HOW ARE THE FEES DEALT WITH, AND WILL YOUR EX HAVE NO OPTION BUT TO CONTINUE TO PAY?
- It is extremely common for parents to make a joint decision to educate their children at fee-paying schools.
- Upon divorce, the Court has the power to Order one parent to pay school fees.
- The Child Maintenance Service cannot Order nor assess a parent as being liable to pay school fees, only the Court can do this in the absence of an agreement.
- If you are a separated and unmarried parent the Court may have the power to Order one parent to pay school fees under schedule 1 of the Children Act. The status quo, i.e. the education which your child is used to, is relevant, as is the financial circumstances of both parents.
- Child maintenance will take precedence over school fees; if the paying party cannot afford both, the maintenance will come first.
- On separation, ensure you are absolutely clear on how the school fees are paid – if they are paid from a joint account, there is a possibility that your ex will stop paying into it during the divorce, so it is an issue to raise early on with your legal team.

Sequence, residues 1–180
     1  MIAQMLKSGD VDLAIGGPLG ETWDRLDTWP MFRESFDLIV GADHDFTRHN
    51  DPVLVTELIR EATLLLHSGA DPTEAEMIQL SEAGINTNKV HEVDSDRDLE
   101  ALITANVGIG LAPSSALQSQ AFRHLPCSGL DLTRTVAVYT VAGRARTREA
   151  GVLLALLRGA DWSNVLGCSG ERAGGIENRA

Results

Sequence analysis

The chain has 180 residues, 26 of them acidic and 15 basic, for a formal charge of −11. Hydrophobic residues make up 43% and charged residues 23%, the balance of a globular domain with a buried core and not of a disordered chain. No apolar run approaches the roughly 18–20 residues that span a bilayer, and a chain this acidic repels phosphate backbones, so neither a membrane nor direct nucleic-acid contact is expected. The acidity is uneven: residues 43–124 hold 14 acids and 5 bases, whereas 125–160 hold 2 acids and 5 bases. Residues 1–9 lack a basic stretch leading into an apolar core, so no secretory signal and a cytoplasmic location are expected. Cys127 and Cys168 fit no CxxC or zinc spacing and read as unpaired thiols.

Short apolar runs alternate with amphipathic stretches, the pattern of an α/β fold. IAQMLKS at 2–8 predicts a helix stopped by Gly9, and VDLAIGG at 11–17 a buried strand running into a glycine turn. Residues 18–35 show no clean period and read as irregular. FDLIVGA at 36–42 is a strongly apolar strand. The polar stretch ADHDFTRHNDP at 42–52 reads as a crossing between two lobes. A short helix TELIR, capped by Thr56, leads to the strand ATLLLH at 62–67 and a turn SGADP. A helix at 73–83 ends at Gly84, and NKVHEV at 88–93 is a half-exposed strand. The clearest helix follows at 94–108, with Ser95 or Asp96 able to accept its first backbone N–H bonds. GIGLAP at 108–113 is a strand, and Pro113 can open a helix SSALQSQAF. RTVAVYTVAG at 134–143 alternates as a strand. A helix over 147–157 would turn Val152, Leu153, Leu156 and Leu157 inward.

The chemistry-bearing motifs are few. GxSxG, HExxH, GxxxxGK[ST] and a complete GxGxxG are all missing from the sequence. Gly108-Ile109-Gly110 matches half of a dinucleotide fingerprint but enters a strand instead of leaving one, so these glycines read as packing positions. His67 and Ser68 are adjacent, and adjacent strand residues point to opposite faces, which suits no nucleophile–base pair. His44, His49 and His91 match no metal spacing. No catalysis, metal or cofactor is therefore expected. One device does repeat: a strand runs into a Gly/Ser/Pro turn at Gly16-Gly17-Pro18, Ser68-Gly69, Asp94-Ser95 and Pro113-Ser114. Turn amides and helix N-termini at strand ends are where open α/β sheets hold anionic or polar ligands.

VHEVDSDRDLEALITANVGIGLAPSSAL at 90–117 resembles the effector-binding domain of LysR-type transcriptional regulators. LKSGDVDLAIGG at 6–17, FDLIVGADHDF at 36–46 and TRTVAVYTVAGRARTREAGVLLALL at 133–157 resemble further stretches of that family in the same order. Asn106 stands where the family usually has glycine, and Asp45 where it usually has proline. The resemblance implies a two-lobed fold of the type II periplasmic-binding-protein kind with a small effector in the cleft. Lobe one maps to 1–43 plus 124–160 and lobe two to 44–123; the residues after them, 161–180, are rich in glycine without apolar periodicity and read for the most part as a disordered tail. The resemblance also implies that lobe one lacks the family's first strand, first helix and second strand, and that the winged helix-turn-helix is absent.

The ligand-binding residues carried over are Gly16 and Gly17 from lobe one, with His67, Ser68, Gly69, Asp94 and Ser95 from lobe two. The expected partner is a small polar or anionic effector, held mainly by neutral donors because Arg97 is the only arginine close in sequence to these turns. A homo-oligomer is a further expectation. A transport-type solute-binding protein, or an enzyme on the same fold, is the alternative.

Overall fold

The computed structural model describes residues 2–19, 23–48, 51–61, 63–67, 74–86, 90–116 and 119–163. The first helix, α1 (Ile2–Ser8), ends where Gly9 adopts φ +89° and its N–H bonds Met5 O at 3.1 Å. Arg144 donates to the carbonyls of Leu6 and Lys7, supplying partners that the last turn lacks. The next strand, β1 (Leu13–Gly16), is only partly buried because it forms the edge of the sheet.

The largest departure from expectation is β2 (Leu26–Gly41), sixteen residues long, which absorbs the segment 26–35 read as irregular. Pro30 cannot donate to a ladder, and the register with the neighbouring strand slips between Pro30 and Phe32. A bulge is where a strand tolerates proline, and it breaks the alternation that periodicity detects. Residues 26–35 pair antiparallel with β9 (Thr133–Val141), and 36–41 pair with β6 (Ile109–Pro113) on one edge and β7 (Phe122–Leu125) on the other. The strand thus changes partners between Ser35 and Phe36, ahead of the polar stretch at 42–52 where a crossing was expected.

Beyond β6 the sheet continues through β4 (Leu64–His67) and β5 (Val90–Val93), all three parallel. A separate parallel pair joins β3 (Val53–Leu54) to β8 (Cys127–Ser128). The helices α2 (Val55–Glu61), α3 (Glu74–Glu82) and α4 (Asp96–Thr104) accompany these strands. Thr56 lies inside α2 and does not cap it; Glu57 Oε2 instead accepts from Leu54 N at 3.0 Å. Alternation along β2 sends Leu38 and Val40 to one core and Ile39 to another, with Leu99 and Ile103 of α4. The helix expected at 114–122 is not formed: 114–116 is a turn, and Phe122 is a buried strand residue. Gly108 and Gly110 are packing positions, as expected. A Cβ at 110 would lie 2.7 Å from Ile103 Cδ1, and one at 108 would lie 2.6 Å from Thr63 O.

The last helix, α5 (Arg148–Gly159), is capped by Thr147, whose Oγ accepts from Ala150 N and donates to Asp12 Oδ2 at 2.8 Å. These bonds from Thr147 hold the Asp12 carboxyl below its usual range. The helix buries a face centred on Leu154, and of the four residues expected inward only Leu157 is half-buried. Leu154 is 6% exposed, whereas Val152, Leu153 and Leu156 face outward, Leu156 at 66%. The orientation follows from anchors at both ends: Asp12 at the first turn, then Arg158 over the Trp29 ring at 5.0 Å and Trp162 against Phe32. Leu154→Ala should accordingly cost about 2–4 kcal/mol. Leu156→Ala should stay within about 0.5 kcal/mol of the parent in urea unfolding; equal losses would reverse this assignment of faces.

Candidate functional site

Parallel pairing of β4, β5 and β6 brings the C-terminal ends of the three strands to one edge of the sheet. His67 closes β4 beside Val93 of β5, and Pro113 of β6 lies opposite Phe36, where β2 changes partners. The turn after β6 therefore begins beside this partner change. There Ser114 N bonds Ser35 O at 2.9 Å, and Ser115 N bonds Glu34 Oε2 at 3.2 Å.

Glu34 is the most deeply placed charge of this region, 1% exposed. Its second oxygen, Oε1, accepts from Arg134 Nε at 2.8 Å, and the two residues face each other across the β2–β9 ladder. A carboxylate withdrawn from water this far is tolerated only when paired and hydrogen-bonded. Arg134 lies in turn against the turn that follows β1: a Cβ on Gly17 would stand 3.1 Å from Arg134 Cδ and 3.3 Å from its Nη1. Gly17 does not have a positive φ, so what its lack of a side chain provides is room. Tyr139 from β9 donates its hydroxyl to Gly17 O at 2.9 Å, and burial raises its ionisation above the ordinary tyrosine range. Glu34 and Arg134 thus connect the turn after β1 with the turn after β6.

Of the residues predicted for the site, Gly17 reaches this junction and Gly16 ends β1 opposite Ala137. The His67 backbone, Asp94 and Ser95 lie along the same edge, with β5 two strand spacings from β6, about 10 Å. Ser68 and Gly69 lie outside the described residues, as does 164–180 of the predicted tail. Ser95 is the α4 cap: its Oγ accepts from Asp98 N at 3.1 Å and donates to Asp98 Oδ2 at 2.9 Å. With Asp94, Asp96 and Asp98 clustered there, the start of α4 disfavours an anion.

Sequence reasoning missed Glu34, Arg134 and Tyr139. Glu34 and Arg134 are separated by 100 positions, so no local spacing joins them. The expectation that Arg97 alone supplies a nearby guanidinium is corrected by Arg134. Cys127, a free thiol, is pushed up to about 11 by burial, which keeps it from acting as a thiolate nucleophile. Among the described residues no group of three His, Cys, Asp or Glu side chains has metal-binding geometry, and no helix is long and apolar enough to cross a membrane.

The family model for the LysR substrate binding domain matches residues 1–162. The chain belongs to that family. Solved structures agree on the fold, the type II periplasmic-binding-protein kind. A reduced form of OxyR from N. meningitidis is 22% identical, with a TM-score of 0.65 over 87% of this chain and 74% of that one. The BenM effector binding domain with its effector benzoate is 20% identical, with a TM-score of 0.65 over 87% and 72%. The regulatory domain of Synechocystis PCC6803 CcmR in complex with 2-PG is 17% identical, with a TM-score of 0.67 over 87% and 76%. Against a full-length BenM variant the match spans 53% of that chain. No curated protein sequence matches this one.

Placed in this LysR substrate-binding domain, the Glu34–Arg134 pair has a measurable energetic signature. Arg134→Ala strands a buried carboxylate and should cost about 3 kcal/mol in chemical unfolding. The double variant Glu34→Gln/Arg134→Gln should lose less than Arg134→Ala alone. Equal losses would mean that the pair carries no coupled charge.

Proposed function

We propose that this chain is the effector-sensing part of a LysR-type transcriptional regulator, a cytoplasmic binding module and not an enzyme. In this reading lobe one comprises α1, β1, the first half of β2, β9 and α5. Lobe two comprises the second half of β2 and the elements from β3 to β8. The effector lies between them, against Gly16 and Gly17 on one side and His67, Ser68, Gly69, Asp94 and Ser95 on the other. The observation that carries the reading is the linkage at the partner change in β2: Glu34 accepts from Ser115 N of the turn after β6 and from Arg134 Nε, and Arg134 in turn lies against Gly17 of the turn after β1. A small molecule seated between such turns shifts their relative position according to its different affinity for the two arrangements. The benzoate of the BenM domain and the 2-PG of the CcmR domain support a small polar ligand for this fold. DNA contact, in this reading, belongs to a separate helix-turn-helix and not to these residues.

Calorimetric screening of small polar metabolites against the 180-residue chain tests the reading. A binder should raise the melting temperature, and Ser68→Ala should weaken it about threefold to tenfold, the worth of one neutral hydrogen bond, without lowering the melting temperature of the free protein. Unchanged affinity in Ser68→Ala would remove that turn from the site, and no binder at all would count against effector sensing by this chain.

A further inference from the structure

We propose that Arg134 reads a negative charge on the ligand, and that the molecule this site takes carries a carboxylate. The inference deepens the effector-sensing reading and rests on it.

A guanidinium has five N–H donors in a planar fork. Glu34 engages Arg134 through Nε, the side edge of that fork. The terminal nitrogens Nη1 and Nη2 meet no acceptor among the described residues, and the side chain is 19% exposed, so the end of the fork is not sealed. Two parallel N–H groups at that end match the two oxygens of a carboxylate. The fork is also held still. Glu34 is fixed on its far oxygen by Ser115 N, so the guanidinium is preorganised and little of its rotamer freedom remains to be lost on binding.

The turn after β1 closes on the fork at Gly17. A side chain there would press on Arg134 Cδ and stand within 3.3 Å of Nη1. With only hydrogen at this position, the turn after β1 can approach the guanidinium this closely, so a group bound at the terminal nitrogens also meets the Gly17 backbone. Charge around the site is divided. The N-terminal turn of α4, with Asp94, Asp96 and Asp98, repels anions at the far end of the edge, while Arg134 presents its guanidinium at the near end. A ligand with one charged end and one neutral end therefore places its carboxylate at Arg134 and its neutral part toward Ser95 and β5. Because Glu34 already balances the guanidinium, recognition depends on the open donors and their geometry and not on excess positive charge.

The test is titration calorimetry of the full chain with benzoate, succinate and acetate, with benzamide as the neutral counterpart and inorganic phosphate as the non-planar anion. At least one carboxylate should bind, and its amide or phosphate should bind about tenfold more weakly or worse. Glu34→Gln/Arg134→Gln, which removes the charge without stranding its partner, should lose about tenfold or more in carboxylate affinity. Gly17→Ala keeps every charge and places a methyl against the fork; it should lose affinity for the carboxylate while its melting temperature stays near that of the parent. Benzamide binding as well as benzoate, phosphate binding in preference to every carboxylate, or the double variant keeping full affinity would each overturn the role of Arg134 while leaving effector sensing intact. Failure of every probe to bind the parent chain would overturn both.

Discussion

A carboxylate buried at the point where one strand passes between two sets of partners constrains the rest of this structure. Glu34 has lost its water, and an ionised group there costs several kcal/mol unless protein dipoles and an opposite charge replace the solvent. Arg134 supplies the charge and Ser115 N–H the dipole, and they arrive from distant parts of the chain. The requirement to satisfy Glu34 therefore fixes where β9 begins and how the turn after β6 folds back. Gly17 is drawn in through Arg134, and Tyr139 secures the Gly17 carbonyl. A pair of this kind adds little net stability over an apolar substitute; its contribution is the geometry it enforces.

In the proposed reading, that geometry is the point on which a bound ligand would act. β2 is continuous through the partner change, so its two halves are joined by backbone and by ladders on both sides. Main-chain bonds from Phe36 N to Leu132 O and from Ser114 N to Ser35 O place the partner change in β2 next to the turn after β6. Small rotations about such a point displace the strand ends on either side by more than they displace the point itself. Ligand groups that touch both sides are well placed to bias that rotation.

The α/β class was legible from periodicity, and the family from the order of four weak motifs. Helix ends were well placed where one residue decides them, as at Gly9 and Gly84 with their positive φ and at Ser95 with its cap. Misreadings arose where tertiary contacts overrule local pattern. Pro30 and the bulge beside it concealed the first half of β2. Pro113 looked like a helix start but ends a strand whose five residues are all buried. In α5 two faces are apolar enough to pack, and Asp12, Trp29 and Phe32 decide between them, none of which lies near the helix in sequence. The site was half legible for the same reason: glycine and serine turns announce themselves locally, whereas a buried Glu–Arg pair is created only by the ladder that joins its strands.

- Inform your child’s school bursar of the change in your circumstances. Frequently the liability to pay school fees is joint. It may be your child is eligible for a bursary or a scholarship.
- If you are considering moving your child from a private school to an alternative private school or a state school, consider the length of any notice period.
- Both parents/ everyone who holds Parental Responsibility needs to consent to a change of school; if there is not agreement, the parent seeking to change the child’s school will need to issue a Court application for a Specific Issue Order.
- Make an application for Child Maintenance to the CMS; whilst school fees are dealt with separately to child maintenance, you will usually need the assessment for your case.
The issue of school fees is linked to both education and the welfare of your child, and the financial position of both parents. It is not a straightforward issue and it is one that you should address, with specialist legal advice, as early on as you can so do not hesitate to contact us if you would like to discuss any of these issues further.